Breastfeeding without pregnancy is actually possible through a process known as induced lactation. Women who have adopted a baby, used a surrogate, or otherwise want to breastfeed can encourage the breast milk production by increasing hormones such as prolactin and physically stimulating the breast and nipple. O’Connor recalls working with a lesbian couple in which “the non-birth mother had latched the baby one time. The next morning her shirt was spotted with milk—she spontaneously lactated!” Men can also cause lactation using the same techniques, but it will take more effort and time because men naturally have less prolactin than women.

10. Your baby may also produce “breast milk” during the first few months.

Both male and female babies can discharge a milky substance, often called “witches’ milk,” from their nipples, a condition formally known as infant galactorrhea. O’Connor explains that “The baby will have milk in his or her breasts in the first few days after being born. This is normal, but sometimes the baby can have engorgement. However, it will go away,” usually in two months at the most.

11. Breast milk can act as a natural sleep aid for babies.

When adults sleep, they secrete a hormone called melatonin, which is incorporated into breast milk made during the night. “The naturally occurring melatonin in human milk can help reduce colic behavior and help babies sleep,” says O’Connor. Not only that, but moms also “make the most milk in the middle of the night into the early morning,” O’Connor adds. So if you’re pumping, pay attention to when the milk is expressed, and try to feed it to your baby at approximately the same time of day it was pumped to avoid disrupting his or her sleep schedule.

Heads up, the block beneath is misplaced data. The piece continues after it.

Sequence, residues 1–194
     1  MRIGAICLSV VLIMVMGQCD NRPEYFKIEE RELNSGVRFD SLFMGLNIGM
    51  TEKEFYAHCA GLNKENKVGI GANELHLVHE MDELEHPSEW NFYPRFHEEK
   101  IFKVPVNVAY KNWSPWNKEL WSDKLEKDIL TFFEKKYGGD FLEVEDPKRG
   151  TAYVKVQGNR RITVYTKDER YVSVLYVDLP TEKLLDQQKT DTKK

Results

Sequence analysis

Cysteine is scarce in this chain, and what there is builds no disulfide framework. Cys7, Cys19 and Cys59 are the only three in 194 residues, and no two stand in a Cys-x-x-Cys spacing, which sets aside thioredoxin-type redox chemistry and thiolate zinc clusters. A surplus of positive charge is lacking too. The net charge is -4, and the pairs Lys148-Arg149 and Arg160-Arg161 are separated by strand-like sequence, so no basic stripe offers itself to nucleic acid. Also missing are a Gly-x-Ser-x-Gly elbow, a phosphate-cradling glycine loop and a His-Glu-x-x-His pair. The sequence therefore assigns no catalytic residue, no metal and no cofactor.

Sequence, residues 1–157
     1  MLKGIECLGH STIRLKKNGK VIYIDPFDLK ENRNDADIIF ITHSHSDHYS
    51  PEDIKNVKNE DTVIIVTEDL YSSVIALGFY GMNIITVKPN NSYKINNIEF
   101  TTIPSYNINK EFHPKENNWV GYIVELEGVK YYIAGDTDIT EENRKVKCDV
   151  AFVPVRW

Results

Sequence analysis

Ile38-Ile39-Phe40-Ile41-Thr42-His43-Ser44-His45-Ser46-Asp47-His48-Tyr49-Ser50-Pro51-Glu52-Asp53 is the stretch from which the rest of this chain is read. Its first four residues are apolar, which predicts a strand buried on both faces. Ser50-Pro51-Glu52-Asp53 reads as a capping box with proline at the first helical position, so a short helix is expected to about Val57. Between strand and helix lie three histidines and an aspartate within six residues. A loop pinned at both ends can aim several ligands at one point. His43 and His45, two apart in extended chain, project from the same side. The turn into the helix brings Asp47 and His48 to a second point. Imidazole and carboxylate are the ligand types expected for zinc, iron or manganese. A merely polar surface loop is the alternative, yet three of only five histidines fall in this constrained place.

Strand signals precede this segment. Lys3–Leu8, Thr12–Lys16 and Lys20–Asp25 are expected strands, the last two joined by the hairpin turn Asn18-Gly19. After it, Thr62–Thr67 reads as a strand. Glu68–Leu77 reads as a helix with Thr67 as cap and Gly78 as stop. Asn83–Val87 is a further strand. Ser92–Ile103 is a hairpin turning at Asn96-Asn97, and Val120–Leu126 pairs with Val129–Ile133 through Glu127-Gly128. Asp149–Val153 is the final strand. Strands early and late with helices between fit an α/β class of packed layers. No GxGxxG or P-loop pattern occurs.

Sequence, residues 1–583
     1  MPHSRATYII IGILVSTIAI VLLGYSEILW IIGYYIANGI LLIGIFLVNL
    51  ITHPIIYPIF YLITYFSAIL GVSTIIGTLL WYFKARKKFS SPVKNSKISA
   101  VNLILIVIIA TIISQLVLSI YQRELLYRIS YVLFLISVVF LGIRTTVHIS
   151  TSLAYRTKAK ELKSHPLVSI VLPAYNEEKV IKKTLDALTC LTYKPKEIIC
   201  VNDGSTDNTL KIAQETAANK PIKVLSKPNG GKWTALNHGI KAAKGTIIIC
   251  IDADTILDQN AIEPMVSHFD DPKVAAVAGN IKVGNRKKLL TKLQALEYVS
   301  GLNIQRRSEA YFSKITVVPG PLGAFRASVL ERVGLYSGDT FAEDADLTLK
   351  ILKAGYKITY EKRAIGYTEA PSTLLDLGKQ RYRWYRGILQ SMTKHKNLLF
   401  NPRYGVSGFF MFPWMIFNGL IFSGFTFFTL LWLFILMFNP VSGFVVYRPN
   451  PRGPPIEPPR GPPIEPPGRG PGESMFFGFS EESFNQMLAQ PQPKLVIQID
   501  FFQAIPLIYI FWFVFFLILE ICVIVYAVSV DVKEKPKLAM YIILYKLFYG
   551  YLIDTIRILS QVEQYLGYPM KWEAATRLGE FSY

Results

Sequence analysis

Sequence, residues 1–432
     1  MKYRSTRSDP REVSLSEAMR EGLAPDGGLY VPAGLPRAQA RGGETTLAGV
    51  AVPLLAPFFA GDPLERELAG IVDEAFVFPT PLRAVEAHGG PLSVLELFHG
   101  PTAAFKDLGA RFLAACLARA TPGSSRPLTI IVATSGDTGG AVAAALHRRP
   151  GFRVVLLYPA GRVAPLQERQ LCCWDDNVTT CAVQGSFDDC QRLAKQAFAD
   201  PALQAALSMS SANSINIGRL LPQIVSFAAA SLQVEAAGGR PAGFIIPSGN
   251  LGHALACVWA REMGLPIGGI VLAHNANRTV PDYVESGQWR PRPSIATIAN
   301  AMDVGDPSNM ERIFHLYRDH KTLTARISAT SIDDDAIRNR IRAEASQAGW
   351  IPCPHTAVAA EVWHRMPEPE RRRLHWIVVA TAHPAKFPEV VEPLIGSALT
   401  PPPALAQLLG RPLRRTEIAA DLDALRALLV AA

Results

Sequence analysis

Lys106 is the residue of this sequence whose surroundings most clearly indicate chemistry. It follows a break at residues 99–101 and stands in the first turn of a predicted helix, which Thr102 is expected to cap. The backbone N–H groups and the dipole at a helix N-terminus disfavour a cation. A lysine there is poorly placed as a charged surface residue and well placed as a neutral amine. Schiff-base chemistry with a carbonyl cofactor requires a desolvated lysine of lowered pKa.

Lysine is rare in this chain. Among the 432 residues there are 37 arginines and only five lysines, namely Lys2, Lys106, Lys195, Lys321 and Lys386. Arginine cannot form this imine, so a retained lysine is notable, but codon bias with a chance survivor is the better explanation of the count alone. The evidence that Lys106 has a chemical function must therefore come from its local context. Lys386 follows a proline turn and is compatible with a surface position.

12. Breastfeeding is not taught in medical school.

Except for a cursory overview, most doctors have very little experience with breastfeeding unless they deliberately choose to specialize in it, O’Conner explains. This is why it’s important to seek out medical professionals who are certified in breastfeeding care, so you and your baby get the attention and expertise you both need to breastfeed successfully. “If they’re specializing in other areas, sometimes they don’t have as detailed training in making sure the baby is swallowing milk well” and other aspects of breastfeeding, says Holmes. “Hopefully someone who’s worth their salt in training will know when to refer to someone who has more detailed breastfeeding experience.”


Did you breastfeed your baby? If so, how long? What tips and tricks can you share with new moms? Share in the comments below.